Almost ten years in as chef and co-owner of CafeADAM, and Adam Zieminski has only one complaint: he can’t find anything to complain about. “The Berkshires are a great place to set up shop if you’re a chef,” he says. “It’s such a rich community of restaurants and farms and there’s a strong relationship with the customers. We all learn from each other and share a mutual respect.”
Zieminski and his wife Sylwia Orczykowska established their Great Barrington restaurant in 2006, taking over the space where Zieminski’s parents had run a bakery called Sweet Peas. Since then, Zieminski says, “We’ve grown up a little bit!” Two years ago, in order to accommodate a growing customer base, they moved into their current location in the Jenifer House Commons, where they have been able to spread out and make the space their own, with 85 seats and a full bar.
In true Berkshire fashion, CafeADAM combines worldly sophistication with a cozy affection for the local. Zieminski, who grew up in Housatonic, says he made a conscious decision to become a chef at age 13, and has always been drawn to stay in the Berkshires. With training in French and Italian cuisine and cooking experience in the UK, the chef says that his style may be “hard to nail down,” but he and Sylwia have dubbed it “modern European,” leaving themselves the flexibility to plate avant-garde dishes and respond to the seasonality of local ingredients.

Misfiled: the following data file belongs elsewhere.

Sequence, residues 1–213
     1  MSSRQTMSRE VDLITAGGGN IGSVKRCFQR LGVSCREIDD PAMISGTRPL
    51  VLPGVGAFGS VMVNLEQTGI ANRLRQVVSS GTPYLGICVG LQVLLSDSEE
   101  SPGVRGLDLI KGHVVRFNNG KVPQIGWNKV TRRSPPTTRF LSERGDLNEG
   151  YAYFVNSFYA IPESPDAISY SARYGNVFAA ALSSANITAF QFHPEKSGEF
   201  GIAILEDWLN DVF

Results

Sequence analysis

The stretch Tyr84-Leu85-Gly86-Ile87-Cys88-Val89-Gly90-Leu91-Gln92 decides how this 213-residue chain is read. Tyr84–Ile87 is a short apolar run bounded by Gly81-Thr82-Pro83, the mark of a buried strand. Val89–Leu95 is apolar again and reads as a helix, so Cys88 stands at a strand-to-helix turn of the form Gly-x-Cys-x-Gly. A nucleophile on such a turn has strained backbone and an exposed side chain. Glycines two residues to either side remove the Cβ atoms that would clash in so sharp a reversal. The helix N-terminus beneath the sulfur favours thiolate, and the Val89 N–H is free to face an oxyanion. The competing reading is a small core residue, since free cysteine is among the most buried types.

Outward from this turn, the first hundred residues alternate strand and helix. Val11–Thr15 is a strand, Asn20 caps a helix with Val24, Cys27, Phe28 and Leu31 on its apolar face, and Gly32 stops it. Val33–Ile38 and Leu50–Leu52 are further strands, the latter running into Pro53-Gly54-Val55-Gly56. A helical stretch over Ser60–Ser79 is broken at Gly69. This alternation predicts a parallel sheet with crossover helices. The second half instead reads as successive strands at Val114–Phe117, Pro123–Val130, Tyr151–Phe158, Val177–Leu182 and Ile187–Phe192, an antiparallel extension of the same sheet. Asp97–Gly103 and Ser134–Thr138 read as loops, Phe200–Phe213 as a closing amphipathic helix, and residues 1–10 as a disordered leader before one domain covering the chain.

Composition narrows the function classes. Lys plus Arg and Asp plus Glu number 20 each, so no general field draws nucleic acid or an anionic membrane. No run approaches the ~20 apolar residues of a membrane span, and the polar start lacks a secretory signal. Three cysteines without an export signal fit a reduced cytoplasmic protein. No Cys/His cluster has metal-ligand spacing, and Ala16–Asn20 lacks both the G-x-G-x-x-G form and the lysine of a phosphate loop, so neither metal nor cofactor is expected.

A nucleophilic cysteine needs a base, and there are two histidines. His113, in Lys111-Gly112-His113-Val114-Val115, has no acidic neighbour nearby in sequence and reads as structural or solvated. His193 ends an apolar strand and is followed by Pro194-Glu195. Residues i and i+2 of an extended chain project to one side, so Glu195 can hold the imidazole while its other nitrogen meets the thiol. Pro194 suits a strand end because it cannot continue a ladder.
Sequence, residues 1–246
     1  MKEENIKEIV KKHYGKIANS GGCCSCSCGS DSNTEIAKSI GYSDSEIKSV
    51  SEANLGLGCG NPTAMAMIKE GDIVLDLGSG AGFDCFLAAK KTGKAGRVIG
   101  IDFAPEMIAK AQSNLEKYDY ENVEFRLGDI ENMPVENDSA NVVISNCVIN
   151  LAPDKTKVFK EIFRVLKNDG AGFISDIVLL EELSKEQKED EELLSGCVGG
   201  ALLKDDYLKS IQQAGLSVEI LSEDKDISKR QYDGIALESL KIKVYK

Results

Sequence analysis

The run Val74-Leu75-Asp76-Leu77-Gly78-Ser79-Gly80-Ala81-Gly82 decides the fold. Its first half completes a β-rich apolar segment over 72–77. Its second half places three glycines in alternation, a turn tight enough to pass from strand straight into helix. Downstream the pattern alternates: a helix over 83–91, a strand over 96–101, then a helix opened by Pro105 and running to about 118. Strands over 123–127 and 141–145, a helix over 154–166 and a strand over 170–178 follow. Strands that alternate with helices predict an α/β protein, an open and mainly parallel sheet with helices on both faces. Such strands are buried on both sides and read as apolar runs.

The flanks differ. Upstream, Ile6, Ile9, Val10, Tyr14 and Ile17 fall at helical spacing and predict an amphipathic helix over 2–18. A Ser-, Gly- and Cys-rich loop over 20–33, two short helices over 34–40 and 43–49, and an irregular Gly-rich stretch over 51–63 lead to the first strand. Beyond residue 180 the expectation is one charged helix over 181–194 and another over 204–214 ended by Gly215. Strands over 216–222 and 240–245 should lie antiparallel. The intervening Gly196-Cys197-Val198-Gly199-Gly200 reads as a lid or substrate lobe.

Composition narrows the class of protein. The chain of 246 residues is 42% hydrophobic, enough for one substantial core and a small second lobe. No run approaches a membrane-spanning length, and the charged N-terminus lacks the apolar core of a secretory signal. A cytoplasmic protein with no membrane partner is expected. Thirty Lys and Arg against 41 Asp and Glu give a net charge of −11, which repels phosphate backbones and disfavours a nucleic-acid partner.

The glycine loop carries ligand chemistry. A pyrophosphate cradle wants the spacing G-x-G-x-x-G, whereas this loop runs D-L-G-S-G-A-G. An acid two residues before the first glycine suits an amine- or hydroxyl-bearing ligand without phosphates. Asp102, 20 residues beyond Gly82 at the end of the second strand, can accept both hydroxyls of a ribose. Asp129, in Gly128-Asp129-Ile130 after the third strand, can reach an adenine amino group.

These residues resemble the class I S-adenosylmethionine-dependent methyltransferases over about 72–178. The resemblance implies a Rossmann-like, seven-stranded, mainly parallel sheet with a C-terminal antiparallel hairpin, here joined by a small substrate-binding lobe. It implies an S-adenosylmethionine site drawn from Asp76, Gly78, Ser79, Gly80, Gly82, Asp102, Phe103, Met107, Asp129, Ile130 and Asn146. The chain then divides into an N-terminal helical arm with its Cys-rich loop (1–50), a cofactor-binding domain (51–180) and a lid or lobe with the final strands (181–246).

Looking at the food scene now, compared to when he was young, the chef says, “It’s almost night and day. When I was growing up there was not as much information out there and there was very little transparency in the supply chain. The education wasn’t there, either.” Since then, he says, there’s been a great “progressive change.” He points to Bizalion’s imported olive oil, the proliferation of local cheese, meat, and preserved things, local breweries, Berkshire Mountain Distillers, and our local vegetable farms. “It’s great to be able to showcase all these great products and have people appreciate them.”
In the summer, Zieminski likes to let the ingredients speak for themselves. “The local farms are at their peak, and everything is so fresh it’s like a Garden of Eden. We do a lot more chilled foods, raw food. We’re serving ceviche, raw oysters, steak tartar, quick-seared fish. Very light, easy-to-digest dishes, with crisp white wines and rosés. It’s my favorite kind of cuisine.”
Zieminski may be a master foodie, but this is one chef who knows it’s not all about food. He sees CafeADAM as part of a bigger movement focused on developing the Berkshires in a way that shares our common wealth, preserves our iconic New England charm, but also stays modern. “It comes down to the farms, small cafes, restaurants, mom & pop stores, craftspeople, artists, landscapers, and service providers that are native grown. It takes people that are savvy and unique programs like BerkShares. When you look at the big picture in the world—between politics and war and where money is going–it’s a privilege and it’s liberating to have our own currency. It’s an action when you use BerkShares. It’s an instant way to not feel helpless; to do something that makes a difference. It’s like voting.”